Tuesday, Dec. 30, 2008 | 7:37 p.m.
The Caring Place, a cancer support center that opened in February 2008, is out educating the public about its free services. The Caring Place is a facility dedicated to healing the mind, body and soul of those directly or indirectly touched by cancer.
The center is at 4425 S. Jones Blvd. near the intersection of Jones Boulevard and Flamingo Road and provides a wide variety of therapy classes including yoga, meditation, Pilates and tai chi.
Family and friends of cancer patients are encouraged to join the sessions, and the best part, said program manager Beth Lane, is that all the services are provided at no charge.
"Everything is absolutely free for anyone who comes through the door," Lane said during a November "Lunch and Learn'' program at Southern Hills Hospital. "All of our therapists, practitioners and instructors are volunteers."
Las Vegas resident Connie Bernstein, who was diagnosed with Stage 4 breast cancer in 2004, founded the Caring Place with oncologist Dr. Mary Ann Allison.
After she tried unique therapies such as meditation and yoga on top of chemotherapy, Bernstein's cancer has been in remission for two years. Her experiences also rekindled a desire in Allison to create an oasis for people whose lives are being affected by cancer.
"We do not take any government funding," Lane said. "All our funds come from private donations and fundraising events."
Bernstein's husband, boxing analyst Al Bernstein, has helped with networking and fundraising efforts for the center.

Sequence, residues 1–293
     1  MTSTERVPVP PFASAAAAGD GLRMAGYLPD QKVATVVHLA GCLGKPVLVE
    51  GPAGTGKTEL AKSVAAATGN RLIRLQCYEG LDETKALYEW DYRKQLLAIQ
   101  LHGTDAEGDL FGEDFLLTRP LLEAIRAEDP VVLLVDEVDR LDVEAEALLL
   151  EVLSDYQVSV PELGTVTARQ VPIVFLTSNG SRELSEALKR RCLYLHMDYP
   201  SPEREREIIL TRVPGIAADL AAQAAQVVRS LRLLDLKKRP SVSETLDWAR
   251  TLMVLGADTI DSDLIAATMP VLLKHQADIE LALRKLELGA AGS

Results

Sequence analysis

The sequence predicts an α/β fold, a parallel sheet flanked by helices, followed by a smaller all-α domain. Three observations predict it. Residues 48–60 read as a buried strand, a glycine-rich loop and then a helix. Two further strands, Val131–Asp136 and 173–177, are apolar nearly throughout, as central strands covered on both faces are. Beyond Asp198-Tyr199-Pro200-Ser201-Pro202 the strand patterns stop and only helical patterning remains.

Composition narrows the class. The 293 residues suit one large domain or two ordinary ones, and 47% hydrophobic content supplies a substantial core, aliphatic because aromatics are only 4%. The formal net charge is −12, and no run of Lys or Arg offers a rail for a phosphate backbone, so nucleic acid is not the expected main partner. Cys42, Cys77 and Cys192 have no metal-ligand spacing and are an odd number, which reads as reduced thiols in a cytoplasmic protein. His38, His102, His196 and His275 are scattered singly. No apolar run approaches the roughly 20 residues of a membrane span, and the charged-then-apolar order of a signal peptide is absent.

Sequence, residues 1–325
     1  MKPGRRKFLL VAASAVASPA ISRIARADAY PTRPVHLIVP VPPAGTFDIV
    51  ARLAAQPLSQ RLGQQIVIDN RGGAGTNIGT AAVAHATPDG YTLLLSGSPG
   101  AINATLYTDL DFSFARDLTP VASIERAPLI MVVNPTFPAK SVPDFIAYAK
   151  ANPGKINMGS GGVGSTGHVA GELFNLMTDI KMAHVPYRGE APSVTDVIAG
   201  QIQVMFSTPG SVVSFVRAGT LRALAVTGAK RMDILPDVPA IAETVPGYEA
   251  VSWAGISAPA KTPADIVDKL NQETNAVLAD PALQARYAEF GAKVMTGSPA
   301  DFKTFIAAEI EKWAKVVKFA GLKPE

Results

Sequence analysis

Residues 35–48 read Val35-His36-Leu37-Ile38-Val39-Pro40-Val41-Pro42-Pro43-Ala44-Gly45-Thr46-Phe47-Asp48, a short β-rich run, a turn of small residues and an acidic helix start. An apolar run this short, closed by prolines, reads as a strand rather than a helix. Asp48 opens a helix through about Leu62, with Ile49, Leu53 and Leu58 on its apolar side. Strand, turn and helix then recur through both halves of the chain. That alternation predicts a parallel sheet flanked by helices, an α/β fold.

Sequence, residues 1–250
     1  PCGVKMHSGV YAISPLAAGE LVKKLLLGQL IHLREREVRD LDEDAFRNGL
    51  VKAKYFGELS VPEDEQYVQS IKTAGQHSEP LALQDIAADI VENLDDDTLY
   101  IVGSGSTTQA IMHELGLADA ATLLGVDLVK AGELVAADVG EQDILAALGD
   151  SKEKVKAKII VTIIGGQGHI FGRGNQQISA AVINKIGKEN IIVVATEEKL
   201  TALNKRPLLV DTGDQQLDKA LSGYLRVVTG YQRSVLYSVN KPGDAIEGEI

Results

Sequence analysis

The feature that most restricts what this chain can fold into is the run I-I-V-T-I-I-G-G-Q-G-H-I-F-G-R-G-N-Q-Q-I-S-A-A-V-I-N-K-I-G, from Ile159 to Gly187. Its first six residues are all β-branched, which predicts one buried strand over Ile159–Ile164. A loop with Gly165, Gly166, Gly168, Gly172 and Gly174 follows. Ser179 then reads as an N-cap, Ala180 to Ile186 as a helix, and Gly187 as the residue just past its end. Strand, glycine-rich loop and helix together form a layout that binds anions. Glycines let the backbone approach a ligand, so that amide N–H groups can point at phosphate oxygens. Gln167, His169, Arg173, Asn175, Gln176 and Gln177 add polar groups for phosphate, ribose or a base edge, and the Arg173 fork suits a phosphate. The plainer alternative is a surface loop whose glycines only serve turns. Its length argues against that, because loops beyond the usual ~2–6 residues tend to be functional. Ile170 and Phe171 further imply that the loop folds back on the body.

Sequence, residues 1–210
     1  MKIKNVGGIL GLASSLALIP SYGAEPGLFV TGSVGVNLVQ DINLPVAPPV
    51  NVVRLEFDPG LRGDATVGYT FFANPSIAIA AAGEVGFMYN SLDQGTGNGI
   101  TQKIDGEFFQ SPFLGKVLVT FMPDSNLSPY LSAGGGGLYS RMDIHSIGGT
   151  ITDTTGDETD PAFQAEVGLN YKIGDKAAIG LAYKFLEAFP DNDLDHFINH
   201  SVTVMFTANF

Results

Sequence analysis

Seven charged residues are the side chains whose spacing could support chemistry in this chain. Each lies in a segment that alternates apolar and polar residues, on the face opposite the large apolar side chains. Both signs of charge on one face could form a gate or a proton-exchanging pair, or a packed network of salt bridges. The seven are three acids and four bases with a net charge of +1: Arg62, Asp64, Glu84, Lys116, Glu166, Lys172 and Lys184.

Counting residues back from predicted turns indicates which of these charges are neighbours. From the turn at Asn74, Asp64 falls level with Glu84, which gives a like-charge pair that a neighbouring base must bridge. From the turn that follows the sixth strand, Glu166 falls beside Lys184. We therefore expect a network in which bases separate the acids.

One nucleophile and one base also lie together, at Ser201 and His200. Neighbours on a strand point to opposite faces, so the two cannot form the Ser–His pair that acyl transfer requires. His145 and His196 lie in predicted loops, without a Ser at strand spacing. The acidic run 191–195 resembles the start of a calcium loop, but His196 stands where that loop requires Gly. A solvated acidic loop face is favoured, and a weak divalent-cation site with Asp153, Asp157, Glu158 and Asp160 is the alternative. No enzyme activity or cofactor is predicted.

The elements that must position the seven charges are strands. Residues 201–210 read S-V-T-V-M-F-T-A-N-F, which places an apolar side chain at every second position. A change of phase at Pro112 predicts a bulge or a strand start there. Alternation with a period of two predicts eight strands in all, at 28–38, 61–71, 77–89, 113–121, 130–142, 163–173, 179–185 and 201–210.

One of the most popular forms of therapy at The Caring Place has been Reiki, a form of healing in which "universal life force energy" is transferred from the palms of a Reiki therapist into the body of a patient to enhance physical and mental well being.
"It might sound odd, but it's tremendously helpful," Lane said. "We've had a lot of success with people going through chemotherapy. The nausea and aches go away."
The center also offers massages and reflexology therapy, which involves triggering pressure points on the bottom of the feet that correspond to different organs throughout the body.
Art therapy classes are also available, which provide a chance for patients and their families to open up and talk about cancer in a comfortable and relaxing setting.
"It's a unique place that transforms people," Lane said. "When many of them come in they are depressed and skeptical. But they leave with a big smile on their face and they keep coming back."
The Caring Place is open from 9 a.m. to 5 p.m. Monday through Friday. For more information or to register for classes, call 871-7333 or visit www.thecaringplacenv.org.
Jeff O’Brien can be reached at 990-8957 or firstname.lastname@example.org.